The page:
British PM secures ”legally binding changes’ to Brexit withdrawal agreement from the EU 0

British Prime Minister Theresa May has claimed to have secured ”legally binding changes” to the Brexit withdrawal agreement from the European Union prior to a key parliamentary vote on Tuesday.

British Cabinet Office Minister David Lidington notified Parliament of the development following negotiations between May and EU Commission President Jean-Claude Juncker in the French city Strasbourg earlier on Monday.

Lidington said the sides had agreed to a joint legally binding mechanism seeking to replace the so-called Irish backstop with alternative arrangements by December 2020.

“The EU cannot try to trap the UK in the backstop indefinitely, and that doing so would be an explicit breach of the legally binding commitments that both sides have agreed,” Lidington said.

The backstop clause of the Brexit deal is an insurance policy designed to prevent the return of border checks between British-ruled Northern Ireland and Ireland, which is an EU member.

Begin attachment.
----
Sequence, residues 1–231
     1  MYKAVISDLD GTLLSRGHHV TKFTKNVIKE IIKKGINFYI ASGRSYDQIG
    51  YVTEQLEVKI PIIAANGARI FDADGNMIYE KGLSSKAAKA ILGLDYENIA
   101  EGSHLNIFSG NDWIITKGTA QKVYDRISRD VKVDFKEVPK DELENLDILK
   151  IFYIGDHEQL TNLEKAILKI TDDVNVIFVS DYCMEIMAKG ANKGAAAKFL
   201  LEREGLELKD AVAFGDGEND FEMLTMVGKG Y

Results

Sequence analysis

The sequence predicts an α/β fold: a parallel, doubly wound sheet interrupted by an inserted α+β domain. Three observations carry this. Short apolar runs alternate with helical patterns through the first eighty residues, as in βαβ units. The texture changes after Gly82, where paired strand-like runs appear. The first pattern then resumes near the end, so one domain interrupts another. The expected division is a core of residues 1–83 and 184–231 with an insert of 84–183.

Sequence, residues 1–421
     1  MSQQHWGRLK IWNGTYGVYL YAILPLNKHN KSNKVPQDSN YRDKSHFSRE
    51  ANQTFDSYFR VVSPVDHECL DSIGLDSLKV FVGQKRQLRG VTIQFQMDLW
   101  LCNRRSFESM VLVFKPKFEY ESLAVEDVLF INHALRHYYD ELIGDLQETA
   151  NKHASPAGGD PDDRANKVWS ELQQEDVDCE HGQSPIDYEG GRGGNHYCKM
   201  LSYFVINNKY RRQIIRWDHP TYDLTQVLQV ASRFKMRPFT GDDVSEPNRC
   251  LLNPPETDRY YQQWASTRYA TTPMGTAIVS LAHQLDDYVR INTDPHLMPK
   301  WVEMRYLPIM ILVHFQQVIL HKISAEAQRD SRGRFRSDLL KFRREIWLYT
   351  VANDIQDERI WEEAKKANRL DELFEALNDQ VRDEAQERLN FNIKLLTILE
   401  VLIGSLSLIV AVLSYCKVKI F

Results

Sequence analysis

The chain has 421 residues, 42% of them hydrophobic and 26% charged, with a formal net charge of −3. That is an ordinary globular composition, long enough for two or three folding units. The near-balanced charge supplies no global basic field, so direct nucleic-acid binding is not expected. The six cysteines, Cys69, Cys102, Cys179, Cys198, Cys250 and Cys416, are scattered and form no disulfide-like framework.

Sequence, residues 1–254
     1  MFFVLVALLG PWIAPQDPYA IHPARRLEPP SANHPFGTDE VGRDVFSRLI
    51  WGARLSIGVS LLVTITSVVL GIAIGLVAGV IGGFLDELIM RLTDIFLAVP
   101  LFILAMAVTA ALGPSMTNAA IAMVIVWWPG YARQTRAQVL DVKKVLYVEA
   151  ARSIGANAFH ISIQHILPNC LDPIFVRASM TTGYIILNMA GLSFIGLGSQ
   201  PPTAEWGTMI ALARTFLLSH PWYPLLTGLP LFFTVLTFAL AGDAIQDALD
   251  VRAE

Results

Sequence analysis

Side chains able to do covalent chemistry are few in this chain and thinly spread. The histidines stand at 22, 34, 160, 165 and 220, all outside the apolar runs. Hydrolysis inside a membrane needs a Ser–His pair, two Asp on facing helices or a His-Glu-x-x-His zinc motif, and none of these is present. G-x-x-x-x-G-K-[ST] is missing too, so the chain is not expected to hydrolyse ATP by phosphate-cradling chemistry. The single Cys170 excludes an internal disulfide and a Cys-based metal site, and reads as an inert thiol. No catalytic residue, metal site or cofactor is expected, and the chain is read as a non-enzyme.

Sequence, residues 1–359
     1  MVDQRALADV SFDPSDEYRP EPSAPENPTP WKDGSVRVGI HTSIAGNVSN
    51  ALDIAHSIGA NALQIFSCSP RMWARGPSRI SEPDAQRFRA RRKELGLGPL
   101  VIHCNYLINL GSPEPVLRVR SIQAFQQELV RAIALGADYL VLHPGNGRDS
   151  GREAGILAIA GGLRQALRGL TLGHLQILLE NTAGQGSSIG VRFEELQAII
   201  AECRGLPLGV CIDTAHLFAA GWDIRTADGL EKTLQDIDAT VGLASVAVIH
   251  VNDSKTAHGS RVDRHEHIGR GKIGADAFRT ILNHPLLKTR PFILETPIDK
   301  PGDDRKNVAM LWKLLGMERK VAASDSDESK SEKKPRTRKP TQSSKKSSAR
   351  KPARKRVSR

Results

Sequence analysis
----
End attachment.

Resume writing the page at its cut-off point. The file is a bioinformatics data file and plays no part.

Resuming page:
Critics of May’s deal believe the backstop may trap the UK in the EU’s customs union indefinitely once the clause is triggered at the end of 2020.

Monday’s development comes as government sources had said earlier in the day that previous talks with the EU over the matter had reached a standstill. 

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UK, EU Brexit talks

May also didn’t appear in parliament following an urgent question called by Labour leader Jeremy Corbyn about progress in the Brexit talks. Corbyn accused May’s government of “delay”, saying that it is now “time for answers”.

May’s draft Brexit deal with the EU was rejected in parliament by a large majority on January 15. She has since vowed to work with the EU to find a solution to the backstop problem.

However, many expect the premier to finally fail to gain parliament support for her Brexit deal.

May has said that if a revised version of the deal is rejected in the House of Commons, she will have no option but to bring the UK out of the EU on March 29 in a disorderly manner.

A no-deal Brexit is speculated by many to entail serious political and economic repercussions for the country.